Press freedom in Southeast Asia continues to range from the strained to the outright repressive, according to the latest edition of Reporters Without Borders (RSF)’s annual media freedom index. The World Press Freedom Index, in which the Paris-based press watchdog assesses the state of journalism in 180 countries and territories, was published yesterday to coincide with World Press Freedom Day.
According to a statement accompanying the release of this year’s index, the past year saw several dramatic rises and falls, which RSF put down to “the rapid effects that the digital ecosystem’s fake content industry has had on press freedom.”
“The World Press Freedom Index shows enormous volatility in situations, with major rises and falls and unprecedented changes, such as Brazil’s 18-place rise and Senegal’s 31-place fall,” RSF Secretary-General Christophe Deloire said in the statement. He put this down to “increased aggressiveness on the part of the authorities in many countries and growing animosity towards journalists on social media and in the physical world,” as well as the growth of the fake content industry.
The report’s picture of Southeast Asia is largely unchanged from last year, with the press situation rating “very serious” in three nations, and “difficult” in seven more. Once again, Timor-Leste was the only nation to rank higher, coming in, astonishingly, in 10th position on the index, ahead of established democracies such as New Zealand (13), Canada (15), United Kingdom (26), and the United States (45). RSF described its jump from 17th position last year into the top 10 as “one of this year’s surprises,” putting it down to the country’s political system, which divides powers between a prime minister and president.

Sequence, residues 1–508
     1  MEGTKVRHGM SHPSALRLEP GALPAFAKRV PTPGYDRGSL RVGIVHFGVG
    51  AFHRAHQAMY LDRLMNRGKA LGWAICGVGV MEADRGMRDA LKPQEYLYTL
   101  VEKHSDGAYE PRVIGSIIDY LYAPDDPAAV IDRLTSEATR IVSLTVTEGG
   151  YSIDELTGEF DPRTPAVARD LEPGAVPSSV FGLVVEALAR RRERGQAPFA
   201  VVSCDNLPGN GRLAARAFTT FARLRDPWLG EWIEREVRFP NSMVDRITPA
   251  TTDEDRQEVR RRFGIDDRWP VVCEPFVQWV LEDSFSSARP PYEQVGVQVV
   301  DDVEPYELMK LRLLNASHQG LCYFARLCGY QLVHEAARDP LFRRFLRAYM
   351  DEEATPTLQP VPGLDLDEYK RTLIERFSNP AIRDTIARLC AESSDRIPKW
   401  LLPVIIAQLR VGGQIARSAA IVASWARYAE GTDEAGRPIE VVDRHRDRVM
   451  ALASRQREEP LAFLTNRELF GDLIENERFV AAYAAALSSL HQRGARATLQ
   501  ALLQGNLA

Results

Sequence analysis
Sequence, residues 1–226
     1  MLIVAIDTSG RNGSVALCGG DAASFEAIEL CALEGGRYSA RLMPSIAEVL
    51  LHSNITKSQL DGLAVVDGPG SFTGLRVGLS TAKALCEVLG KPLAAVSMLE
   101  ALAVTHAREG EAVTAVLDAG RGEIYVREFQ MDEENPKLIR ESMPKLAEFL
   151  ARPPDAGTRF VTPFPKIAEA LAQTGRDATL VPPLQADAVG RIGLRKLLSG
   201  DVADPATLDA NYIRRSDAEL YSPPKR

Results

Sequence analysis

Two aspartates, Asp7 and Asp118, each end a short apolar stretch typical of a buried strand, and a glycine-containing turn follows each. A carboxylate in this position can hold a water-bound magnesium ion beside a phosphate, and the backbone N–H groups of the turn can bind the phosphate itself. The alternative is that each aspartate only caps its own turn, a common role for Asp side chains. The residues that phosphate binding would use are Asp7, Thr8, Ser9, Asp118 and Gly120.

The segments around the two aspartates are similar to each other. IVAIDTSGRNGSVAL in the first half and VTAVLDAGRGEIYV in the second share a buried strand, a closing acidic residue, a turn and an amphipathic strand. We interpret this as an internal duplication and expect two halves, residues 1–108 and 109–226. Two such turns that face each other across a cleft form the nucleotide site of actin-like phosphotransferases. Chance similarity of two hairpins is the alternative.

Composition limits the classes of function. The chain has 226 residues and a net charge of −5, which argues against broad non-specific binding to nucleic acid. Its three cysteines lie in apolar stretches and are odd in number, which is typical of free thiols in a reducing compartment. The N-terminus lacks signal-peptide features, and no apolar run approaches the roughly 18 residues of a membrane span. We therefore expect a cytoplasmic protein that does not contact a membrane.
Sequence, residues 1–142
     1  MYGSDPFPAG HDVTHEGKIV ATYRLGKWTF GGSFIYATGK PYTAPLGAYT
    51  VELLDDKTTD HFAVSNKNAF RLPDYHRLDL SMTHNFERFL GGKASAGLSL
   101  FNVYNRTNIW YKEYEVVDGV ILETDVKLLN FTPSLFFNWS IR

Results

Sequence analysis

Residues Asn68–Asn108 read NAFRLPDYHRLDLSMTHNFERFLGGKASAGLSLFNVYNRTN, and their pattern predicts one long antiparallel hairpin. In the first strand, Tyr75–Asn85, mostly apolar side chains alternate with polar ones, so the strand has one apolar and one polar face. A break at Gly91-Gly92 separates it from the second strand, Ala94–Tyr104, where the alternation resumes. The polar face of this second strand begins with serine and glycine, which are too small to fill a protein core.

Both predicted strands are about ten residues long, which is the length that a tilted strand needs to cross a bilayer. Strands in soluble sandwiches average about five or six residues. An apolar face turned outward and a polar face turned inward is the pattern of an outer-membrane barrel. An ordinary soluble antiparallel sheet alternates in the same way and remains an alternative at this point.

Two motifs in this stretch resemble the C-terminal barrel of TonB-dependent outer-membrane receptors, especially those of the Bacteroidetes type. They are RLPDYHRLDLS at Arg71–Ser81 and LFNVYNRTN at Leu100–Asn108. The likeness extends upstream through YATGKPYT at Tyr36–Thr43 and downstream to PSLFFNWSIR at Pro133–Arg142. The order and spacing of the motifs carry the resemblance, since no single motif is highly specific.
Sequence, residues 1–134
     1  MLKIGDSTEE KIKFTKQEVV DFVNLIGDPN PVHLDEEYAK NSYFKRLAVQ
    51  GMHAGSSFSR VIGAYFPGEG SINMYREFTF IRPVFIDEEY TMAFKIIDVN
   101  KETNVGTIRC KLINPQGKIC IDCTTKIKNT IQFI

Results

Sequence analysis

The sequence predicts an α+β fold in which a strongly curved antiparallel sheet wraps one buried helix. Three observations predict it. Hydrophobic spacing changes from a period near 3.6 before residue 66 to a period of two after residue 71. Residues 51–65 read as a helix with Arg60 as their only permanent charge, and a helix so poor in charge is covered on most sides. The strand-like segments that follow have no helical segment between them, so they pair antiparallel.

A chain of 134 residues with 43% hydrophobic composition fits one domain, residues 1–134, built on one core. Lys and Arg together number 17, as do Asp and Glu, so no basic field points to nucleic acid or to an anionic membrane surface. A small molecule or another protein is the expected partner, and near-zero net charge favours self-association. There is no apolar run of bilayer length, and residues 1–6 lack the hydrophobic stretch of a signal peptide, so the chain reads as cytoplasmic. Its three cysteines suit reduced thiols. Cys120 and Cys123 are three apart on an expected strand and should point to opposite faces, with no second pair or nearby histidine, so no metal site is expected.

The main positive mover – and an example of the volatility mentioned above – was Malaysia, which jumped from 113th position last year to 73rd this year. The report did not offer much of an explanation for the jump. It seems that despite the government retaining “a draconian legislative arsenal to restrict press freedom,” the country’s media landscape has relaxed to a certain degree due to the creation late last year of a new, more progressive coalition government under Prime Minister Anwar Ibrahim.
Two other Southeast Asian nations made modest increases – the Philippines, which rose from 147th place to 132nd, and Thailand (115-106) – though given that RSF continues to note the serious challenges facing the media in both of these countries, much of this likely was to do with declines by other countries.
Once again, there was a solid contingent of Southeast Asian countries propping up the lower reaches of the index. The worst performer – indeed, the third-most repressive nation in the world, after North Korea (180) and China (179) – was Vietnam, where “independent bloggers and journalists are the only sources of freely reported news and information.” Indeed, they pay a high price for it, with RSF reporting that Vietnam is the third-greatest jailer of journalists in the world.